Arduino IoT Cloud – Part 1: Introduction

About the post

Thanks to the Arduino IoT Cloud (IoT = Internet of Things), some of the Arduino boards can be easily connected to the Internet. Controlling projects and reading data remotely is easily manageable even for beginners.

The Arduino IoT Cloud was introduced to the public in early 2019. I recently tried this offer for the first time and would like to share my experiences with you in this and a subsequent post. Using a practical task, I will show you step by step how to implement a project in the Arduino IoT Cloud. But never forget ­čśë :

There is no Cloud – it’s just someone else’s computer!

A not-so-old Internet wisdom

Restrictions and prerequisites for using the Arduino IoT Cloud

I prefer to get to the restrictions and prerequisites at the beginning, so that – if they don’t suit you – you can save time by not read this post!

Board selection

First of all, the Arduino IoT Cloud only works with certain Arduino boards:

  • MKR 1000
  • MKR WiFi 1010
  • MKR GSM 1400
  • Nano 33 IoT
  • MKR WAN 1300 / 1310
  • MKR NB 1500

In the future, the boards MKR Vidor 4000 and Arduino Uno WiFi Rev2 will also be supported. Visit the Arduino pages to have the latest status about the supported models for the Arduino IoT Cloud.

The original Arduino boards are naturally significantly more expensive than cheap China clones. I use a Nano 33 IoT for this post. It costs 16 euros in the Arduino Store (as of May 2020), but taxes and shipping are still on top, so you end up with just over 25 euros. That’s quite some money, but without the originals no clones – so why not support Arduino.

Free Plan vs. Maker Plan

You can use the Arduino IoT Cloud for free, which is called Free Plan. Alternatively, there is the so-called Maker Plan for currently 6.99 dollars per month (can be cancelled at any time) or 5.99 dollars per month for one year. Below you can see the differences, as of May 2020. The only limitation to the Free Plan that really hindered me is the limited compilation time of 200 s/day. If you try a lot, you can reach this limit quickly. So good preparation is required if you don’t want to spend money. In any case, at some point I was ready to invest 6.99 dollars.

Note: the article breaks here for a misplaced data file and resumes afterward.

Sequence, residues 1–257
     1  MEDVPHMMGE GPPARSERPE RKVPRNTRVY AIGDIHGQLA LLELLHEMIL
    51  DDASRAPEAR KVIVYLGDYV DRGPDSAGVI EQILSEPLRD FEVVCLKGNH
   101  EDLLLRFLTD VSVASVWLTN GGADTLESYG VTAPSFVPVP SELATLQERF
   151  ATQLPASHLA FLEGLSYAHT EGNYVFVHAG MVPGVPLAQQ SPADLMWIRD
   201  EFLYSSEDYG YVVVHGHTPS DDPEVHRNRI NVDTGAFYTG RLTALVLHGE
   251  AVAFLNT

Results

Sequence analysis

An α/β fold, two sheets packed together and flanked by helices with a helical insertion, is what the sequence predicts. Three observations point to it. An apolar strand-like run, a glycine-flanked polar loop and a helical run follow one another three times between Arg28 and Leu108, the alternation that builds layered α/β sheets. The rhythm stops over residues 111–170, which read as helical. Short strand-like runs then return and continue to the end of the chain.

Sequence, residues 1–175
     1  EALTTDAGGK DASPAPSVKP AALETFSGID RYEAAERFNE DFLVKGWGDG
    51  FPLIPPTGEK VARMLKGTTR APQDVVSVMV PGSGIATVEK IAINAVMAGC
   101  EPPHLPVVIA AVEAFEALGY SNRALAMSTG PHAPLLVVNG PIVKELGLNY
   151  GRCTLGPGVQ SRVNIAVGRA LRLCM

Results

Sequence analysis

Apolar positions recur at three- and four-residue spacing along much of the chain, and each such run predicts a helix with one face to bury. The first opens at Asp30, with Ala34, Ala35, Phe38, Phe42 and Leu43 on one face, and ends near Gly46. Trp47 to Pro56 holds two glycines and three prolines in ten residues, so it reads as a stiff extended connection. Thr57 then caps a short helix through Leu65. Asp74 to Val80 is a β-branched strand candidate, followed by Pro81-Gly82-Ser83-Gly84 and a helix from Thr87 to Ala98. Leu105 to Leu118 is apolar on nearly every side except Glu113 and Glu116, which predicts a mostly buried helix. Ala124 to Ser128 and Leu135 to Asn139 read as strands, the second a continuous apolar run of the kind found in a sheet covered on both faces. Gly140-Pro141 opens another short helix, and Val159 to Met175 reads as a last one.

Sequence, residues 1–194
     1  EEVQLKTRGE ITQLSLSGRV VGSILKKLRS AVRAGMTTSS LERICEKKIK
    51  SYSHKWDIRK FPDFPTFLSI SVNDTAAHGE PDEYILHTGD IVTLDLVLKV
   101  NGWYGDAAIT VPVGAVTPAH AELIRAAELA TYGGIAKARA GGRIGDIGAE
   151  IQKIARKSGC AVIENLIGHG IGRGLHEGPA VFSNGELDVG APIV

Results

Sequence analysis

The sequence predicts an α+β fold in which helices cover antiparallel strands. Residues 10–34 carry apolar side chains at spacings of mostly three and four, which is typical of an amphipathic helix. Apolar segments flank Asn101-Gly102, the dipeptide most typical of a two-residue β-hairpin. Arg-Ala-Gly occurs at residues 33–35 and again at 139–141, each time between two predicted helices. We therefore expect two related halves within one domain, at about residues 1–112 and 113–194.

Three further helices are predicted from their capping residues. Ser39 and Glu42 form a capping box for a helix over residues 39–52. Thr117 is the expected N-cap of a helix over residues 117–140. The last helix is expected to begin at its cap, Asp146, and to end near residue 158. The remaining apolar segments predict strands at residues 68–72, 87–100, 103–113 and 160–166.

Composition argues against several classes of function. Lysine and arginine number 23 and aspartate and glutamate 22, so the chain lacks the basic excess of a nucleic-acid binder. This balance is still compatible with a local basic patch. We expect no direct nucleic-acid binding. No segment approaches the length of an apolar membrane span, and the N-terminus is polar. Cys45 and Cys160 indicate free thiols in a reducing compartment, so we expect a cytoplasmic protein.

Free Plan vs. Maker Plan for the Arduino IoT Cloud
Free Plan vs. Maker Plan

Software and user account

You need to create a user account and install the Arduino Create Agent on your computer. We will come to this point later in the step-by-step instructions.

The Arduino Nano 33 IoT board

The Arduino Nano 33 IoT board for the Arduino IoT Cloud
The Arduino Nano 33 IoT board

The Arduino Nano 33 IoT has little to do with the original Arduino Nano. It is based on the Low Power, 32 Bit SAMD21 Cortex®-M0+ Microcontroller. Its flash memory is 256 kB in size and the system clock is 48 MHz. It may also require getting used to the output voltage of 3.3 volts.

The Nano 33 IoT has a module for wireless communication via Bluetooth or Wi-Fi. As a nice add-on, the Nano 33 IoT also features a 3-axis accelerometer and gyroscope. Finally, the board – like all Arduino IoT Cloud enabled boards – is equipped with a crypto chip. More technical information can be found here.

For the Nano 33 IoT to be recognized by the Arduino IDE, you must have the Arduino SAMD boards installed in the board manager. If you need a guide, you can find it on the Getting Started pages.

Arduino SAMD boards in Boards Manager - prerequisite for the Arduino IoT Cloud
Arduino SAMD boards in the Boards Manager

The task

To explain the principle of the Arduino IoT Cloud, I have selected a basic task: over the Internet, we switch an LED and read out a DHT22 temperature and humidity sensor. Of course, you can take anything else. But you should choose one thing to control and another that you want to read out.

Since online compilation time is precious, you should check your circuit offline. Here is my rather unspectacular offline sketch:

#include "DHT.h"

#define LED_PIN 8
#define DHTPIN 7 
#define DHTTYPE DHT22

DHT dht(DHTPIN, DHTTYPE);
 
void setup(){
  Serial.begin(9600);
  dht.begin();
  pinMode(LED_PIN, OUTPUT);
}

void loop() {
  static unsigned long lastMeasurement = millis();
  float myTemp = 0.0;
  if((millis() - lastMeasurement) > 3000){
    myTemp = dht.readTemperature(); 
    Serial.print("Temperatur: "); 
    Serial.print(myTemp);
    Serial.println(" C");
    lastMeasurement = millis();
    toggleLED();
  }
}

void toggleLED(){
    static bool ledStatus = true;
    digitalWrite(LED_PIN, ledStatus);
    Serial.print("The light is ");
    if(ledStatus){
      Serial.println("ON");
    } 
    else{
      Serial.println("OFF");
    }
    ledStatus = !ledStatus;
}

 

I used the DHT sensor library from Adafruit to control the DHT22 sensor. You can download it here from GitHub or directly via the Library Manager.